Monday, July 20, 2009

Aramco to seek bids for gasfield contracts

KHOBAR: Saudi Aramco is planning to invite bids for gas facilities contracts at its Arabiyah gasfield and Shaybah oilfield in the second quarter of next year, sources said yesterday.

The company is shifting its exploration and production focus to developing gas supply to meet rapidly rising domestic demand after completing a massive crude capacity expansion this year.

The world's top oil exporter is experiencing annual gas demand growth of seven per cent per year as oil revenues fuel economic expansion.

Preliminary design and engineering work and project management contracts for the two projects will be awarded in September, contractors said.

The early design should be completed in the second quarter, after which the bidding packages for building the facilities will be issued, they said.

Arabiyah is one of two offshore gasfields non-associated with oil that Aramco discovered in January. The other was Hasbah. It is unclear how much gas Arabiyah alone could pump, but the two together could supply 1.8 billion cubic feet per day (cfd) of gas. The Arabiyah gas development programme includes gas processing facilities, platforms and subsea pipelines that will be built at the 900,000 bpd Moneefa oilfield.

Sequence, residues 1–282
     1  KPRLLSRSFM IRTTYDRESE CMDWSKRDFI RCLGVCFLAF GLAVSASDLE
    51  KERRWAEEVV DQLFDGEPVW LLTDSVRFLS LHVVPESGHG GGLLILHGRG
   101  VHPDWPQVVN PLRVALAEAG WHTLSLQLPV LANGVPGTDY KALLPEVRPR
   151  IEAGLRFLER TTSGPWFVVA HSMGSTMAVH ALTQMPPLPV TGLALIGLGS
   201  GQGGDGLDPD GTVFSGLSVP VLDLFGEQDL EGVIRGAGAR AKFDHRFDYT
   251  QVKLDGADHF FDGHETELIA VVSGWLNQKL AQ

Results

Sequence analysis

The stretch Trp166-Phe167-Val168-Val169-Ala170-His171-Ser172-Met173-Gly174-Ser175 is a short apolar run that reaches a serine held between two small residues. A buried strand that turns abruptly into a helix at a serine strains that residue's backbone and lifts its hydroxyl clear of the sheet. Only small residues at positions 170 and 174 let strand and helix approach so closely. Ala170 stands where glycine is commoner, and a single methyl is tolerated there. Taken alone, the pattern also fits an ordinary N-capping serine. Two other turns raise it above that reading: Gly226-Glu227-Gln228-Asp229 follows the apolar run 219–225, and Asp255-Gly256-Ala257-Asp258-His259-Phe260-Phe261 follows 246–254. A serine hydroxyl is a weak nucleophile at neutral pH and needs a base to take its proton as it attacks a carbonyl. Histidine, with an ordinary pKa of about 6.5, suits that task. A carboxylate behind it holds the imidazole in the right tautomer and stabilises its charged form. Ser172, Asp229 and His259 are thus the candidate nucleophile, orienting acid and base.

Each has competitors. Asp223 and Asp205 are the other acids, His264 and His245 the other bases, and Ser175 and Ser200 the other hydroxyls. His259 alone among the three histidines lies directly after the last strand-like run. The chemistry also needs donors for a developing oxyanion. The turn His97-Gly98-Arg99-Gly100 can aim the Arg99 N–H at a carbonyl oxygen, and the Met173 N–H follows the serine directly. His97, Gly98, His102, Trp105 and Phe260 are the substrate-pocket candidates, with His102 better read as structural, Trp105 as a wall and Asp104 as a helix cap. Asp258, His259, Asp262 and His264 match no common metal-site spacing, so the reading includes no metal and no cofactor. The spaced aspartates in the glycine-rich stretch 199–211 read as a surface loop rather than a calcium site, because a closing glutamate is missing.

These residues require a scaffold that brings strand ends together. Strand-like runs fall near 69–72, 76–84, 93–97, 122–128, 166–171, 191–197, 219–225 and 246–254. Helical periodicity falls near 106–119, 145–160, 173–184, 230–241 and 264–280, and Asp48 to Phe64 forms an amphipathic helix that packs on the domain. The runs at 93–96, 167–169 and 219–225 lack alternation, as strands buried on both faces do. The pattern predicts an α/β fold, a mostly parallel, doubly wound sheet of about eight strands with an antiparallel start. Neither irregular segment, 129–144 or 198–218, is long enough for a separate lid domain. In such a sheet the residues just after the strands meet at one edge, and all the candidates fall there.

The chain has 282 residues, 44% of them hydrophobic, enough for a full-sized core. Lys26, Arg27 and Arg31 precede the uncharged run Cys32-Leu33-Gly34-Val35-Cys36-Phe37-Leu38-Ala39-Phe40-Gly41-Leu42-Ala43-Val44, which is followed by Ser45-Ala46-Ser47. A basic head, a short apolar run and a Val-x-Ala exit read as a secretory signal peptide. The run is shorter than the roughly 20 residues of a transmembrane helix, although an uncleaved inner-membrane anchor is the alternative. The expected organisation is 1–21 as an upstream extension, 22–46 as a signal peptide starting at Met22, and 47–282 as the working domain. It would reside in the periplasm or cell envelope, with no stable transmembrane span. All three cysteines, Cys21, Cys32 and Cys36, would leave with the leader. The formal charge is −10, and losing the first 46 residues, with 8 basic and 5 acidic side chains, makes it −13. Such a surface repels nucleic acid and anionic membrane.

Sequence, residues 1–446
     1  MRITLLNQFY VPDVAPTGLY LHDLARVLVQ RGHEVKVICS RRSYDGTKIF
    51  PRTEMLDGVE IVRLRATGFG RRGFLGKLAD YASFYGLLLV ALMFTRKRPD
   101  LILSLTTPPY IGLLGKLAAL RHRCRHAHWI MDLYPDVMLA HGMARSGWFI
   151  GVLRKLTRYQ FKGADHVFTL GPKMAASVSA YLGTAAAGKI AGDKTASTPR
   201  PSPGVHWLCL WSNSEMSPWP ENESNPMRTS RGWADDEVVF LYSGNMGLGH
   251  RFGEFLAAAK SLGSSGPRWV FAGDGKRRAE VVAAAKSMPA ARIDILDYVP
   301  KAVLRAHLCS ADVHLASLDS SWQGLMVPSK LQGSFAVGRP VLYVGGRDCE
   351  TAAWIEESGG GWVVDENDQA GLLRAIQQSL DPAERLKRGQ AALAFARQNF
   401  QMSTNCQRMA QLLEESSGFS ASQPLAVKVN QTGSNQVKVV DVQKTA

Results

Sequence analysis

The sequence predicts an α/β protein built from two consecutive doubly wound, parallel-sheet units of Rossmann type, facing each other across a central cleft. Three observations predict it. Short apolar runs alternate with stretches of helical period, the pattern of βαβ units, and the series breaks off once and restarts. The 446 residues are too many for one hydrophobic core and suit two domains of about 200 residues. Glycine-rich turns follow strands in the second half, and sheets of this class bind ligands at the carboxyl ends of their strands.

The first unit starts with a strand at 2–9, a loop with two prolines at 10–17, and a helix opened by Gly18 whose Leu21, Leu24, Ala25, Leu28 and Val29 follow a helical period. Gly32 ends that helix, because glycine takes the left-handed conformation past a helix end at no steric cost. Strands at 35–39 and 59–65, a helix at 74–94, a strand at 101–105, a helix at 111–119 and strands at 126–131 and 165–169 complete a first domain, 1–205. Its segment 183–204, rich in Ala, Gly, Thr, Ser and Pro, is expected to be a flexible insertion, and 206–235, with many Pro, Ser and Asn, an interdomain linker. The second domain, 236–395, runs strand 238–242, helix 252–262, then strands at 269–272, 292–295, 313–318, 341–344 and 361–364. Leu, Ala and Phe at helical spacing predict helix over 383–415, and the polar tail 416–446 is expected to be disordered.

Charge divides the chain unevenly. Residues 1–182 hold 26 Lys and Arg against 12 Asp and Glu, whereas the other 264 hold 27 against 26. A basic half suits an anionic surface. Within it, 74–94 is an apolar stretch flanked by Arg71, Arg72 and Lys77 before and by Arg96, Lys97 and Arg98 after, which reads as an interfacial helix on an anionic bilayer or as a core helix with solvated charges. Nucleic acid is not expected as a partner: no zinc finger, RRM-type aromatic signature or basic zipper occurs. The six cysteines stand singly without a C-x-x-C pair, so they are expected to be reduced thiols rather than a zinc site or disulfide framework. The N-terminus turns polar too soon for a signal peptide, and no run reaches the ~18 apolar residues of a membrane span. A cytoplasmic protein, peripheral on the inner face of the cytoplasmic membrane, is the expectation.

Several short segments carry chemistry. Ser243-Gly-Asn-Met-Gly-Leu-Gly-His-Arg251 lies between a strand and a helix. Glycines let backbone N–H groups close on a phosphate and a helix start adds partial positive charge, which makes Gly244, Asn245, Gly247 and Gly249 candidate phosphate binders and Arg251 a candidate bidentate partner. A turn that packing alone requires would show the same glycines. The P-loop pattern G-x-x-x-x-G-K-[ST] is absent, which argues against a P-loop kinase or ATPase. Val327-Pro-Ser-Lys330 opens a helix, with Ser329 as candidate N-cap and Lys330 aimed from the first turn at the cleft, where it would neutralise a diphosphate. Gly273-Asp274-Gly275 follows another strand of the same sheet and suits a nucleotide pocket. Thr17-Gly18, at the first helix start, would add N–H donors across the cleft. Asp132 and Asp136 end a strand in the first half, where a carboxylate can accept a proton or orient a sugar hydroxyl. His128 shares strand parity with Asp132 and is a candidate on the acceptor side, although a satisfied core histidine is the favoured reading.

The project was scheduled to come on stream in February 2014, one contractor said.

An Aramco executive said earlier that the state-run firm will build a gas plant at Moneefa. The plant will process 1bn cfd of gas from Arabiyah and Hasbah, he said.

At Shaybah, Aramco plans to build a natural gas liquids recovery plant. Work includes building a natural gas liquids splitter and debottlenecking gas-oil separation plants, sources said.

Shaybah's gas facilities will be ready by March 2014 and on stream in May 2014.

Source : Gulf Daily News

Sukuk defaults seen rising as global slowdown weighs

by Reuters
A default on Islamic bonds by Kuwaiti firm Investment Dar is just the tip of the iceberg, with more failures expected as the weak global economy hits issuers, industry experts warned on Wednesday.

Unlike traditional banking, the $1 trillion Islamic finance industry has just begun to feel the chill of the global downturn, with practitioners and analysts trying to assess the extent of the fallout on the sector.

Investment Dar said in May it had defaulted on a $100 million Islamic bond, the first such default for a major, public Islamic instrument in the Gulf.
Troubled Saudi conglomerates Saad Group and Ahmad Hamad Algosaibi & Bros, are restructuring their debt, triggering concerns of a spillover effect on the Islamic finance industry.

Neale Downes, a Bahrain-based lawyer at Trowers & Hamlins, estimated that 5-8 percent of Islamic bonds, or sukuk, in the market are susceptible to default as many were raised for real estate projects which have been hurt by the slowdown.